It’s true to say that pretty much every major shift in technology has produced a new obstacle for copyright owners; think printing press, photocopier, VCRs, scanners, and the Internet. But they’ve largely been confined to revolutionising the realms of words, images and sounds. What about objects?
The technology required to turn a digital image into a 3D object has existed since the mid 1980s, but has largely been confined to the manufacturing sector and been too cumbersome and prohibitively priced to result in popular uptake. However, now you can get a conveniently sized 3D printer for under $1,500.
Looking forward, as this technology becomes more accessible (an inevitability), the risk of infringement for owners of 3D dimensional objects, whether of copyright or the inevitable overlap with design rights, and even patents becomes astronomical (funny, there’s talk of using them to build things on the moon).
Put simply, 3D printing works by depositing successive layers of material (often plastic) until a 3D object is built layer-by-layer. Like any printer, it requires a digital file to print and the requisite software to enable it to do so.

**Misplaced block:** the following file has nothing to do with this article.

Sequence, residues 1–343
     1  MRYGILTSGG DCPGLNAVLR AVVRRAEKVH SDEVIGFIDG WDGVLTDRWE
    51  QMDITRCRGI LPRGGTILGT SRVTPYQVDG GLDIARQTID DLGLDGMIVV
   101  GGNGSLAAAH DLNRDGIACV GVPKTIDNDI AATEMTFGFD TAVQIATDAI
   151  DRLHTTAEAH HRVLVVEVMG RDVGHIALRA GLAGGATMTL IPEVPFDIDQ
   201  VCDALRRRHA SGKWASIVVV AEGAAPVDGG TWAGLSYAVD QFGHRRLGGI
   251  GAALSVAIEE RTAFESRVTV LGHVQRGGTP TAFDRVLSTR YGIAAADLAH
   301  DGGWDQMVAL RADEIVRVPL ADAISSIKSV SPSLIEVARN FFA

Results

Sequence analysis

The printable files can be created in various legitimate ways from being designed individually or accessed via open-source archives like Thingiverse. However, the concerns of rights owners’ revolve around the potential for them to be copied unlawfully. With file sharing sites and countless websites dedicated to the downloading of pirated material, it no longer takes any technological savvy to obtain pirated content. The ability to print objects expands this illegal download market outside the realm of music and video to the potential for pirated objects.
If you haven’t seen just how small and advanced some of the 3D printers on the market are, just type 3D printer into YouTube and be amazed at what they can already do, or click on the following links – You Tube 1 – You Tube 2.